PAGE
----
Tutorial: Android without Google

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sarge816
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Tutorial: Android without Google

Post by sarge816 » Sat May 05, 2018 10:03 am

**DISCLAIMER: Use this tutorial at your own risk, some of these procedures may brick or otherwise render inoperable your device. Please know what you are doing before attempting any of this**

I mentioned briefly in the "Who doesn't trust Facebook" thread that I had "de-Googled" my android phone and then was asked by PM if maybe I could post how I did it. I am no expert programmer and everything here was researched by others and posted in various forums and tech blogs. But here is a brief tutorial on the basics of what you'll need if you'd like to try this out. I will make it very general because many of the specific things (like recovery, rooting, etc.) may be different for each device. Some phones might not be eligible for this depending on how they are locked down. Most of you already know that Android is based off of Linux and many of the principles are the same, including open source apps and software. The idea behind this endeavor is to make the phone as close to an Android Open Source Project (AOSP) device as possible, taking control and using it how YOU want rather than it being locked down, loaded with non-removable Google Apps and other carrier specific bloatware that tracks your every move, targets you for advertising, gathers all your private info into a database and then is sold to third parties.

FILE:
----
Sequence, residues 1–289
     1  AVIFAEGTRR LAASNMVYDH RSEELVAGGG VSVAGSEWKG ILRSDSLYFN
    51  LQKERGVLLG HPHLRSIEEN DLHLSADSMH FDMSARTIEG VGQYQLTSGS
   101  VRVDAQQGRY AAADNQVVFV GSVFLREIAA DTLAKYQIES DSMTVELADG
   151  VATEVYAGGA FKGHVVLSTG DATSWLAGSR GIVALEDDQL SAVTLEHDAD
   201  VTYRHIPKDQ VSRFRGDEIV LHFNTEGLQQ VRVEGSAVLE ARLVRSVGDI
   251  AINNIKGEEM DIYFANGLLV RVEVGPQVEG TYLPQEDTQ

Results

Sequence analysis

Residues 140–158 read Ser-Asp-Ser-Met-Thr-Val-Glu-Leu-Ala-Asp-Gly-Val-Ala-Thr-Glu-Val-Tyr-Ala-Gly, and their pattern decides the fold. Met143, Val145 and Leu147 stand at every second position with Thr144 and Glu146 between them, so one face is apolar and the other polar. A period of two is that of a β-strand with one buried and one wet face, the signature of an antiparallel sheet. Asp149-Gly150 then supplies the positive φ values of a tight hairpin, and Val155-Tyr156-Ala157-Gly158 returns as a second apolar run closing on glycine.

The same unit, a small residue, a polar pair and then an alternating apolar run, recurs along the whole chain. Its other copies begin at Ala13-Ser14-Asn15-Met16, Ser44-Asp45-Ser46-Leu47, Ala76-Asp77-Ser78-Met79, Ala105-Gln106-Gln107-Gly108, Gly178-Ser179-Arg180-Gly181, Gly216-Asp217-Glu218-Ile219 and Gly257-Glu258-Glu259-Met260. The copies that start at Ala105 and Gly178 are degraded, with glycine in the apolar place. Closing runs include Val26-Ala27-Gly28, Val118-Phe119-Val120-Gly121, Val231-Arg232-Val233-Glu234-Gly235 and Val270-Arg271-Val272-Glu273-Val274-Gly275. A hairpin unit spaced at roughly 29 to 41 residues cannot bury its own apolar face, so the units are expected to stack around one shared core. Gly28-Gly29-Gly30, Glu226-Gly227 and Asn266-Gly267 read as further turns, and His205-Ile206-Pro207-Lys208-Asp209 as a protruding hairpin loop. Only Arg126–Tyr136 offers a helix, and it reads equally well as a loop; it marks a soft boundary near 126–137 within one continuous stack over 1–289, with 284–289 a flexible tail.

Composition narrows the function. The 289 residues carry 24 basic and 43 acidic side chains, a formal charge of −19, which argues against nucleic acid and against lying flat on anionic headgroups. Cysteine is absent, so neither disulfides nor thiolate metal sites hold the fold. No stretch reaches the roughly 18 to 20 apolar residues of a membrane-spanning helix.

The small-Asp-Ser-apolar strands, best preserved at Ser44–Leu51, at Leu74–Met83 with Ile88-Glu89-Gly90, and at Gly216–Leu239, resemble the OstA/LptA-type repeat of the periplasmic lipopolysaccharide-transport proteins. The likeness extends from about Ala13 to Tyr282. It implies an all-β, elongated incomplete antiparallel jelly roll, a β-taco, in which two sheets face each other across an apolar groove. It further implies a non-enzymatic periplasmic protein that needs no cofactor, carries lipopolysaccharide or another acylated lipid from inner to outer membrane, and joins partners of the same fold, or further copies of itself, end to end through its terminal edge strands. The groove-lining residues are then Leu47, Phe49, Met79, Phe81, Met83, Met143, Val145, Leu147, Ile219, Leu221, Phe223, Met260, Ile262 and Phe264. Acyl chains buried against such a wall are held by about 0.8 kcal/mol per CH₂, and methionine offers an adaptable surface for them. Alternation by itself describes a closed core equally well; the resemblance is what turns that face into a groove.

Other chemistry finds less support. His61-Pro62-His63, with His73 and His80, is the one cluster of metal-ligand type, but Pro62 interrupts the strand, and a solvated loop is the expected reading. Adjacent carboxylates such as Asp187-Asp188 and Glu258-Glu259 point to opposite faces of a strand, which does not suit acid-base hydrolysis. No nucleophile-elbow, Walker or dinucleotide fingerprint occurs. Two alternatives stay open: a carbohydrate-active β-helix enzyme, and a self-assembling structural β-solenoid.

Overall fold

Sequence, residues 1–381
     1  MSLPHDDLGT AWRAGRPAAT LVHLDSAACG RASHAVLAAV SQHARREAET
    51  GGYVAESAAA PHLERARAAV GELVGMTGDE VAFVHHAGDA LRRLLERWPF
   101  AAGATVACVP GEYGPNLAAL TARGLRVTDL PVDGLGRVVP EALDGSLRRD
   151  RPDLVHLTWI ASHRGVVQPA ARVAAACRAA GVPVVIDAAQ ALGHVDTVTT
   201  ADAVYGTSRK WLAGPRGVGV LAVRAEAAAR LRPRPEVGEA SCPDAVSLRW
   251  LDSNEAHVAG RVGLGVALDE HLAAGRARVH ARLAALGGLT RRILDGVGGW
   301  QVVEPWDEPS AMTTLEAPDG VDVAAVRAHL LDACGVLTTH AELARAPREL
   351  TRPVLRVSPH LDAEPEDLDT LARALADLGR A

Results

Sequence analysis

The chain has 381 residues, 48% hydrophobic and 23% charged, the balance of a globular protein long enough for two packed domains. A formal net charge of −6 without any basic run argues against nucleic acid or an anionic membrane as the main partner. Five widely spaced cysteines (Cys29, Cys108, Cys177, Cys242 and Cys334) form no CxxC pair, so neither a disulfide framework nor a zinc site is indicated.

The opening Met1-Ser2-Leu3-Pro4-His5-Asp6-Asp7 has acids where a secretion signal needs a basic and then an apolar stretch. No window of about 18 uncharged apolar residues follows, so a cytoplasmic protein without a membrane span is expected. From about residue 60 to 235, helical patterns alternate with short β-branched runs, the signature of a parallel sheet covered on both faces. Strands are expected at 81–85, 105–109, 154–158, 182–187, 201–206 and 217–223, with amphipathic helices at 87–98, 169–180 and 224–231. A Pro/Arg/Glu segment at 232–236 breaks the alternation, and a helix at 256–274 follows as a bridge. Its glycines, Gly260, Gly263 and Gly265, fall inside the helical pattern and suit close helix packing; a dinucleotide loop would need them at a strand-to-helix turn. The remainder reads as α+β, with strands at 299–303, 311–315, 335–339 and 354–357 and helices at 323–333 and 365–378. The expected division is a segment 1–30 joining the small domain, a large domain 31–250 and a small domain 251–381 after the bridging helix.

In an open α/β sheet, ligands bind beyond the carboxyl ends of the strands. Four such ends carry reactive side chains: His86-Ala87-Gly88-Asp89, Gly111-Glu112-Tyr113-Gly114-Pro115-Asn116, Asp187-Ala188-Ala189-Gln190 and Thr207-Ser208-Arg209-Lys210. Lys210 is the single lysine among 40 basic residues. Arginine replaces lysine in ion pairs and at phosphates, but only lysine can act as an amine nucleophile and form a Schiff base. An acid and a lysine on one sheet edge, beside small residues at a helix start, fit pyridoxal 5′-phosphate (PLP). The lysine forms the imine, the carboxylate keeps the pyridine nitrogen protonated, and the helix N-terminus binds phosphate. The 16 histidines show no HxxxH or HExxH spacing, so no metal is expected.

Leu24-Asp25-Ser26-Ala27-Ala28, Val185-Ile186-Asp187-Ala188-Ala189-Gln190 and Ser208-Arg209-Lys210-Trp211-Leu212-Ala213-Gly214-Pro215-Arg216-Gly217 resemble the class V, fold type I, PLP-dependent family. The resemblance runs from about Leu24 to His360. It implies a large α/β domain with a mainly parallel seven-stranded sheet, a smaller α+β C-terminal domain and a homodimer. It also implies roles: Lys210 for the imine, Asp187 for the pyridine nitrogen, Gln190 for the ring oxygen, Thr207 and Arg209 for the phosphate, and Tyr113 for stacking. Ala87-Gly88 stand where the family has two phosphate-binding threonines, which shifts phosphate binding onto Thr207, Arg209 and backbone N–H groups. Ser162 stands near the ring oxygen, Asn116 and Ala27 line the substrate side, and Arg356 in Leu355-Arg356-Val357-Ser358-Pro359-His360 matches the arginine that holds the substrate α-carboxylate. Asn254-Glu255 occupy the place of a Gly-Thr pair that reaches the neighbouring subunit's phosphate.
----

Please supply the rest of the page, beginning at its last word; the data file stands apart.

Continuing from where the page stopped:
For starters, if you are looking to purchase a new phone, I highly recommend you research devices that are "carrier unlocked." This will allow you to change service to any of the wireless providers including the various Mobile Virtual Network Operators (MVNO) providers (like Cricket, Red Pocket, etc.) with just a SIM card switch. Second, research and make sure the phone you want or already have can be "bootloader unlocked" and rooted. This will allow you take control of your device as administrator, much like having "sudo" powers in Linux. Manufacturers often cater to the big wireless providers and their desire to lock down the phones, loading carrier specific bloatware, adware and spyware that cannot normally be uninstalled. Unlocking and rooting your phone will allow you to take full control of your device and even load completely different ROMs. Think of a ROM the same way as a specific LInux distro, but for your phone. Your phone is locked by the manufacturer and wireless provider into whatever they give you and then only allow you to upgrade on their schedule (if ever). Loading alternative ROMs is beyond the scope of this tutorial so I'll concentrate on just using the stock ROM that is already loaded. Although I've gone the ROM replacement route on other devices, I decided to use my stock Nougat 7.0 on my Moto G4 and just debloat and de-Google.